By Lauren Legette
On Saturday, March 1, 2014, The New York Urban League Young Professionals (NYULYP) hosted their 4th Annual State of Young Black New York (SOYBNY) Conference – a dynamic one-day conference featuring global leaders from the non-profit, corporate, government, health, and public service sectors. This year’s SOYBNY program was about Policy in Black America: From a Moment to a Movement – a continuation of an article on Huffington Post, After the Protests: From a Moment to a Movement. In the article, Rice asks how do we move beyond outrage into action?
“How do we move the chants for justice into a consistent call for change? How do we draw the anger over the loss of one life into accountability for the loss of any life? How does the light of injustice over “Stand Your Ground” law in Orlando help illuminate a way to cease “Stop and Frisk” in New York? How does a child killed in the bathroom in the Bronx connect to a child killed on the streets with some skittles? How does a moment become a movement?”
The program opened with a moving selection from Cedric Neal who stars in the heart-pounding new musical After Midnight that brings the Harlem Jazz era to a new generation. “[After Midnight] proves that African Americans were and are kings, queens and dukes of elegance. We should have no apologies for being at the top of our game.”
Chapter President, Jemar T. Ward, addressed attendees, applauding them for taking part in the conversation on civic engagement, which is at the heart of the YP brand ethos. Ward also recognized distinguished guests in the audience including National YP President Brandi Richards.
Keynote speaker Michael Walrond, Pastor of First Corinthian Baptist Church in Harlem, delivered a thought-provoking message on the process for effectively moving civic engagement from a moment to a movement. Walrond identified three important steps:
- Obtain A Passion for the Possible: In order to gain success and longevity in any effort, one must abolish the impossible. Truly believe that you are a world changer and do not let any lack of resources or past failures hinder your progress.
- Imagine And Create Ideas To Galvanize Thinking Outside The Box: Though civil rights activist Rosa Parks was known for her monumental decision to not give up her seat, she was not the first to confidently stand for justice. The call for a bus boycott following the incident with Parks escalated this moment in history. In order to generate change, you must be willing to go against the grain and do what’s never been done before.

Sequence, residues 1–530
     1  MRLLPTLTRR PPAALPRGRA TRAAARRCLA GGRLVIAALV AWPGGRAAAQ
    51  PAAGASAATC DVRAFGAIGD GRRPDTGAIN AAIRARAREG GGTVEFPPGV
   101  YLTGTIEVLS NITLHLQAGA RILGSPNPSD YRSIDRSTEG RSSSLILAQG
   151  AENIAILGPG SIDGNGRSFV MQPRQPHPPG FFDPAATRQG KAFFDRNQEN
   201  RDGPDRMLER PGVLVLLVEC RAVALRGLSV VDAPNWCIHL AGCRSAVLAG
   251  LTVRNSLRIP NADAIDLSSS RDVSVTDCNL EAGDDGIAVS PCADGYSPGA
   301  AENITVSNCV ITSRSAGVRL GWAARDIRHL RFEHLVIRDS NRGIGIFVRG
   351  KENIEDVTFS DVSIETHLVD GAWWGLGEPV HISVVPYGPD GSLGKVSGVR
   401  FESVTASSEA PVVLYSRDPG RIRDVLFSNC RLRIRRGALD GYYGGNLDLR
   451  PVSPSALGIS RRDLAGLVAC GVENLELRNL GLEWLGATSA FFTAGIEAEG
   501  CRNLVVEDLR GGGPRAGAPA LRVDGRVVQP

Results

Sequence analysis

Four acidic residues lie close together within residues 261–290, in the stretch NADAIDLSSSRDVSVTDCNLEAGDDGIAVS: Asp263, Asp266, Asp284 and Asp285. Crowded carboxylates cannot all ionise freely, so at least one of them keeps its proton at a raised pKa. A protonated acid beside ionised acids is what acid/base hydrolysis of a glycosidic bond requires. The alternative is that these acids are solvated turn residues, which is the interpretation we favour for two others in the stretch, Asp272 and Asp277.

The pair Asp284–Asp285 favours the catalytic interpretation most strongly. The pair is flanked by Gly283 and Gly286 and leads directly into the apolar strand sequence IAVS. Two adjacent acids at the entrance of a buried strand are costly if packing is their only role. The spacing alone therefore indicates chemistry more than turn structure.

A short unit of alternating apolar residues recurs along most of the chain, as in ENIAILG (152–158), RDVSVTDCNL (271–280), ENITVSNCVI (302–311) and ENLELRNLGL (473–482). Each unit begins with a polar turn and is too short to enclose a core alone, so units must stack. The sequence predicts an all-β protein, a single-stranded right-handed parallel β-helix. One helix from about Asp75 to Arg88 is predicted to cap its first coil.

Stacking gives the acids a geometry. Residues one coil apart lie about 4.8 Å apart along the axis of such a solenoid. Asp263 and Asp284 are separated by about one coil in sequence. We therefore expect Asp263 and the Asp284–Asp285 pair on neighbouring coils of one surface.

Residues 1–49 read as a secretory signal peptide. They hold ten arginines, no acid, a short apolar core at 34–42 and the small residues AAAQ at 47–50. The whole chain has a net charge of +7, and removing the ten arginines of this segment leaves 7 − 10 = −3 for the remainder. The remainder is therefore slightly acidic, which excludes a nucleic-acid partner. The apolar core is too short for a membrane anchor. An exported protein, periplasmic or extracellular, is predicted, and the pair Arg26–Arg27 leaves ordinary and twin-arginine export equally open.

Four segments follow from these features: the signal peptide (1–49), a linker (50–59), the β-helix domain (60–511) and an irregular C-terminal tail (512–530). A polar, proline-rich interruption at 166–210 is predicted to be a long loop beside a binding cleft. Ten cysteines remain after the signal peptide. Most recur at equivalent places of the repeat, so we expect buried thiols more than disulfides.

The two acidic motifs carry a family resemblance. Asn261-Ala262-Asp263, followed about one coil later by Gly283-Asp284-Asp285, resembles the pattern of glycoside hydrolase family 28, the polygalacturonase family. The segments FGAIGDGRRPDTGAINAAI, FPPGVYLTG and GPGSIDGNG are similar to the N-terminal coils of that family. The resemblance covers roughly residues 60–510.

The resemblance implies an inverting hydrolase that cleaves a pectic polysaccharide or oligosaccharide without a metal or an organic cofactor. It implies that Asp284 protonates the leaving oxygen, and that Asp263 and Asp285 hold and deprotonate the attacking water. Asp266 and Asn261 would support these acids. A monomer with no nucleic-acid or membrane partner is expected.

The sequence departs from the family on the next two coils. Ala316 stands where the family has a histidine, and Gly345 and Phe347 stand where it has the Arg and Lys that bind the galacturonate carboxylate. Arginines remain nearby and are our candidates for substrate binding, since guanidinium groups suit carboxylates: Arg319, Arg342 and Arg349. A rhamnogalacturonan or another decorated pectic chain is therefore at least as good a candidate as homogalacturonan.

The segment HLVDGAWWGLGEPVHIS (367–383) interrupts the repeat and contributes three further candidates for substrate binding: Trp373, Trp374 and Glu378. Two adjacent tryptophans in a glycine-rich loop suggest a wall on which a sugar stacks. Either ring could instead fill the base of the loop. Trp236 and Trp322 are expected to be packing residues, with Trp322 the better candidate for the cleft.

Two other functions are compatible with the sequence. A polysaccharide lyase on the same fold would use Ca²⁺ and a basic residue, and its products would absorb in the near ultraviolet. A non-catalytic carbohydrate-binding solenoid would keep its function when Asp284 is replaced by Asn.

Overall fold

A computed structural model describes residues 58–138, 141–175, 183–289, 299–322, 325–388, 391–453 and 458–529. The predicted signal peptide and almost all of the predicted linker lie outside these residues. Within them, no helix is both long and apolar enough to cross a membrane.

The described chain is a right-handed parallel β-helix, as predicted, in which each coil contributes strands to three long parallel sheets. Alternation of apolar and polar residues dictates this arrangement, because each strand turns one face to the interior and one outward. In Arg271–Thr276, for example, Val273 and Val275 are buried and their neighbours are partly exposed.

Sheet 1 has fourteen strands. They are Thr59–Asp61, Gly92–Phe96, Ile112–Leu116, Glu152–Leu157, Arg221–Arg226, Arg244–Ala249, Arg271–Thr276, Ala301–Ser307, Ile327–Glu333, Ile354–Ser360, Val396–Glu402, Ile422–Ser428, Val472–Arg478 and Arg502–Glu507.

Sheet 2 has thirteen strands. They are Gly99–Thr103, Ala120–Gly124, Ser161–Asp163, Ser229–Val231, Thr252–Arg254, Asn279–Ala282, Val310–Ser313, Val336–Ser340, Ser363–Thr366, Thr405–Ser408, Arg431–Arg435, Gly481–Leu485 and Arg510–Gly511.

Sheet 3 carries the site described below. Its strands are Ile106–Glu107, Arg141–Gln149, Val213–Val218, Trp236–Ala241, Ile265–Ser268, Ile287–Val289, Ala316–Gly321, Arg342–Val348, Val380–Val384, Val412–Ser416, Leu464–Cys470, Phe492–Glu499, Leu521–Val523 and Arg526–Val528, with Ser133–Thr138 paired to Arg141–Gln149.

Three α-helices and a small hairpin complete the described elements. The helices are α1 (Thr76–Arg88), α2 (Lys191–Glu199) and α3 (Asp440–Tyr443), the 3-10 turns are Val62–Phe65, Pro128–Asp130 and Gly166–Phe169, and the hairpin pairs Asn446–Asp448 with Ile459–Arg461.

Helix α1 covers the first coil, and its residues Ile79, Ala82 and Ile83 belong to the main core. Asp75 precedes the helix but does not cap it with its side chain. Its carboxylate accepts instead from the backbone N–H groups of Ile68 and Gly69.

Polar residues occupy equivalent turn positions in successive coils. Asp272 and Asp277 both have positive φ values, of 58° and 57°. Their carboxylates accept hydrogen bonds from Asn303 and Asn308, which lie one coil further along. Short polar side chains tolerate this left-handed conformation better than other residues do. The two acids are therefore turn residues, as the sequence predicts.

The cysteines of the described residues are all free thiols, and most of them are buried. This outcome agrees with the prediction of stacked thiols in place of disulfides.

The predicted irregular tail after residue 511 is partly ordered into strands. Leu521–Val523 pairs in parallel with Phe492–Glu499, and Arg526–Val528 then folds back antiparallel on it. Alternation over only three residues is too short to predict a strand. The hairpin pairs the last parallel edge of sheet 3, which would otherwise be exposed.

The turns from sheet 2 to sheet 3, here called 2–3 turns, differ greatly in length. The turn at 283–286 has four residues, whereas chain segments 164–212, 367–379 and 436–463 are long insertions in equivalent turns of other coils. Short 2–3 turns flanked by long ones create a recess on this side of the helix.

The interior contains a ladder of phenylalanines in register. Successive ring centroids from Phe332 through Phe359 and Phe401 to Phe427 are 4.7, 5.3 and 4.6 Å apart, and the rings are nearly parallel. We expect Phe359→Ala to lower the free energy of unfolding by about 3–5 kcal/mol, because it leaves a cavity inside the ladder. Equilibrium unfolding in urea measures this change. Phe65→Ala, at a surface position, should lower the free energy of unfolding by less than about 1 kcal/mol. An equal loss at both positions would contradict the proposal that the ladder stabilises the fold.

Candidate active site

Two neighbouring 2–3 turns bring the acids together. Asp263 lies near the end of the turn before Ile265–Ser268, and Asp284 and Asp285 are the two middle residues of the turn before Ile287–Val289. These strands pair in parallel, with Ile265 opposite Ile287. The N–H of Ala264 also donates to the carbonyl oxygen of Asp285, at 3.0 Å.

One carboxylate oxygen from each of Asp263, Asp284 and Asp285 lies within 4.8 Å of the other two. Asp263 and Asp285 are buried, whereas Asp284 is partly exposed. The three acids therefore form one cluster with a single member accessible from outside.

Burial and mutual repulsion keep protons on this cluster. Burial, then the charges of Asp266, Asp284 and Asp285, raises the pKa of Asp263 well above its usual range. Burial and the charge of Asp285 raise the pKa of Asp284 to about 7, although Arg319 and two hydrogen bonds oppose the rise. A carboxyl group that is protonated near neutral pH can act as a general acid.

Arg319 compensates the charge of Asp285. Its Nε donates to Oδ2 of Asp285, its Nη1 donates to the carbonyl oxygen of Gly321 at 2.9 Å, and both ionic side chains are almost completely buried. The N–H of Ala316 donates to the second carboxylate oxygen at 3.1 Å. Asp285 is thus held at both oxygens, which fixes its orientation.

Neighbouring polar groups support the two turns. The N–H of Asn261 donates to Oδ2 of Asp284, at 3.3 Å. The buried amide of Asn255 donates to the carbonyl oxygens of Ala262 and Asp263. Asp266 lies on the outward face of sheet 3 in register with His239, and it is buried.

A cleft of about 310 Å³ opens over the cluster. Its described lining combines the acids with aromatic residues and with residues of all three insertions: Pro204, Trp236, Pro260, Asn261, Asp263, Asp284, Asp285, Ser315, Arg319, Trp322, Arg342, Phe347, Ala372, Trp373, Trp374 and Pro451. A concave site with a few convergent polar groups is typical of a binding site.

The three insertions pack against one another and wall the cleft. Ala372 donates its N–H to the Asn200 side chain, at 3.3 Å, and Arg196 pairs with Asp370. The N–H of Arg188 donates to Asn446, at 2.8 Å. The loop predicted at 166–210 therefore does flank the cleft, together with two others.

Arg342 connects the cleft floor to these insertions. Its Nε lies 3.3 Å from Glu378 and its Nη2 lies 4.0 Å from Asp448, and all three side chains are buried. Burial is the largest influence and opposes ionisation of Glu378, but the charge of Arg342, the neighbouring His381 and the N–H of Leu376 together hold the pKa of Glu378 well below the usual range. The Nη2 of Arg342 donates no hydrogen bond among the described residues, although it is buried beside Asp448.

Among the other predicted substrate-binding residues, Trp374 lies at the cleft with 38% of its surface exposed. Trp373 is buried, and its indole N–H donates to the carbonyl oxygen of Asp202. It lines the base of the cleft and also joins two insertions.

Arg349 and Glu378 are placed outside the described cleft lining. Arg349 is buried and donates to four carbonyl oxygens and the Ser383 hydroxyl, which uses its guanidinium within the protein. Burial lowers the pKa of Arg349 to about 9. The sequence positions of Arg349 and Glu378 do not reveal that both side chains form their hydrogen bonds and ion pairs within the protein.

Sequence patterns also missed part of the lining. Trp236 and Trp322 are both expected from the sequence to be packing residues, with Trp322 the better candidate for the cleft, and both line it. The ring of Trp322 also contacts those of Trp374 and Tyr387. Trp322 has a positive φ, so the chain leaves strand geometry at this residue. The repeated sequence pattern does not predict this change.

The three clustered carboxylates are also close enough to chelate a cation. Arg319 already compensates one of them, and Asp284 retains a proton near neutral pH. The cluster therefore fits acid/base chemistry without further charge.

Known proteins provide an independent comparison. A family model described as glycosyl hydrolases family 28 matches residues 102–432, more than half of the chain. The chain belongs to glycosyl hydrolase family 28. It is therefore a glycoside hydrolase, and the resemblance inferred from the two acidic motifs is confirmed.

- Passion And Hunger For Healing: The most successful civil engagement leaders have been those who are looking to heal and help others. Going from a movement to a movement cannot be hidden behind selfish desires for fame or recognition. It requires a true passion for healing and helping others. As Dr. Martin Luther King Jr. said in his famous “I Have A Dream” speech, one must also recognize that you may not reap the benefits of the movement but understand that the overall motivation behind the movement is ultimate success and healing no matter how long it takes.
Following his speech, Reverend Michael Walrond, who is a candidate for Congress, sat down with The GRIOT to discuss this notion of going from a moment to a movement.
The GRIOT: What do you tell your children when innocent victims like Trayvon Martin and Jordan Davis do not receive proper justice?
Michael Walrond: One of the things I tell my children is not to let their lives be defined by people who can’t see them. You see so many of our children, whether they’re like Jordan Davis or Trayvon Martin, have their lives overlooked because people do not see them as active or engaged participants in this culture or this climate. But instead they see them as a category. Black man or black girl, they don’t see who they are. And the truth of the matter is that after all these years of fighting for justice there are still people who see us a certain way. So I tell my children do not be limited by the narrow constraints of the feeble-minded. Do not allow yourself to be defined by people who do not even see you.